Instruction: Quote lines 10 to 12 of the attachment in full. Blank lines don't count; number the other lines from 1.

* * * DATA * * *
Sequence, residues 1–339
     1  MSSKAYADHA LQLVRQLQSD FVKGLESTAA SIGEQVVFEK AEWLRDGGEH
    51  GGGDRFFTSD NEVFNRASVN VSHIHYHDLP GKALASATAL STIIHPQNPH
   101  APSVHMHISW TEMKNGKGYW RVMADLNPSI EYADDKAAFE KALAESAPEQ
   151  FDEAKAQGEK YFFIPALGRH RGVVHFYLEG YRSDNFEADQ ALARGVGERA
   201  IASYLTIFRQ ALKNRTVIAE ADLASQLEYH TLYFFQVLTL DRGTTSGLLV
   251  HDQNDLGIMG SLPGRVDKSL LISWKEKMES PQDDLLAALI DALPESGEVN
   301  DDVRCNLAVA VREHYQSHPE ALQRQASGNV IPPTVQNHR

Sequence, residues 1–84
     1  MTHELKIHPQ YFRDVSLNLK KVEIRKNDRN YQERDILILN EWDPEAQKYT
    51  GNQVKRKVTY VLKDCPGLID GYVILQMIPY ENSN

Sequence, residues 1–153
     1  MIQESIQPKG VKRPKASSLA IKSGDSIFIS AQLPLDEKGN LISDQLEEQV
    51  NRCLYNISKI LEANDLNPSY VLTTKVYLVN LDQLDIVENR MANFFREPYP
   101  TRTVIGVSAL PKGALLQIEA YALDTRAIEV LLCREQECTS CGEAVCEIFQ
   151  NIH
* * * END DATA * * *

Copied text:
     1  MTHELKIHPQ YFRDVSLNLK KVEIRKNDRN YQERDILILN EWDPEAQKYT
    51  GNQVKRKVTY VLKDCPGLID GYVILQMIPY ENSN

Sequence, residues 1–153